Overlapping crises in education: COVID-19 and refugee students
Even before the pandemic, the Syrian crisis, and the ensuing large influx of refugees, compounded pre-existing deficits and challenges in the education sector. These included a serious teacher shortage and weak educational infrastructures.
With a population of 4.5 million, Lebanon is home to a large number of refugees. Over two million Syrian refugees now live in Lebanon, in addition to half a million Palestinian refugees. More than 52 per cent of the Syrian refugees in Lebanon are children, and UNHCR figures indicate that around 450,000 refugees in Lebanon are of school age.
More than 137,000 Syrian refugee students attend 1,014 public schools – in all there are 1,396 public schools in the country. In addition, 144 schools are used to teach refugee students in afternoon shifts. Around 4,500 teachers from public schools teach the afternoon shifts and are paid an average of US$10 per hour, with no compensation for preparation or lesson planning. COVID-19 has exacerbated this situation.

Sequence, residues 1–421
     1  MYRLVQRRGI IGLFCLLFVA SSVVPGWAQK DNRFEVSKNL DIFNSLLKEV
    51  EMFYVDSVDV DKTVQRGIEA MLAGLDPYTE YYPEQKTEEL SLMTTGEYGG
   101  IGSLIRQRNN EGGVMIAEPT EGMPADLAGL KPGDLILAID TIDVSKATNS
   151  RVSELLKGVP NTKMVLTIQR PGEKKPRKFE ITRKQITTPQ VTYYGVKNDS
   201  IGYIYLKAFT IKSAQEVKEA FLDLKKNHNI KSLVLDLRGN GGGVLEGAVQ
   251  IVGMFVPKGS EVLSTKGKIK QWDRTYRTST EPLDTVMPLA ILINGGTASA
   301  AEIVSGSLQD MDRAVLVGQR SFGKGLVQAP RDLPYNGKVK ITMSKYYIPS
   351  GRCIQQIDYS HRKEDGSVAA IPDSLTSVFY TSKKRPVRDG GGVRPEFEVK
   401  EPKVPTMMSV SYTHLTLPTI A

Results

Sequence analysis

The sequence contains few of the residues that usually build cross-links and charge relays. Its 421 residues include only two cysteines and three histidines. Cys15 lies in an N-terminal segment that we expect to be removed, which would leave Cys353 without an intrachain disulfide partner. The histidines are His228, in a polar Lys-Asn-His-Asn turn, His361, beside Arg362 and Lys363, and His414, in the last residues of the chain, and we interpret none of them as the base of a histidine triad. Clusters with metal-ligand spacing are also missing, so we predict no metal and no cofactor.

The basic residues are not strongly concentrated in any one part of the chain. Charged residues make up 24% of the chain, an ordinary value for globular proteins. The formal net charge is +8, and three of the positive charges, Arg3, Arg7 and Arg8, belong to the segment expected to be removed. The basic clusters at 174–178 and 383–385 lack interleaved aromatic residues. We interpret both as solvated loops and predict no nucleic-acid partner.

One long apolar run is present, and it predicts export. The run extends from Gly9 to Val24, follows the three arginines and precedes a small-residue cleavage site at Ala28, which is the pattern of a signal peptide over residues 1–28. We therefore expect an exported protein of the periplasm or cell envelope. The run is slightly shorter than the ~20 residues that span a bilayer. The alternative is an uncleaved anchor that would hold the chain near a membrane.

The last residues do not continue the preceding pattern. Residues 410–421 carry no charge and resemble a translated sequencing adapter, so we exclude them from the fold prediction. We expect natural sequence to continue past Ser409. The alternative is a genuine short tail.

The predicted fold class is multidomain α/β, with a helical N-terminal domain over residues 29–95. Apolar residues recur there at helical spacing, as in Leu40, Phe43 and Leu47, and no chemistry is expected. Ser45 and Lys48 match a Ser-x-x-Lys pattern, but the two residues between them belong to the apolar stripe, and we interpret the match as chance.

Unions highlighting crisis in education
Education unions, through the Union Coordination Committee, comprising all Education International’s Lebanese affiliates, have warned the Ministry of Education on several occasions that students and teachers are facing an education crisis.
Teachers and their unions have condemned their lack of involvement or consultation in the process of securing and providing education for refugee children. This, despite that fact that teachers and union members are the ones in the field, striving to maintain the minimum levels of quality education for Syrian and Lebanese students.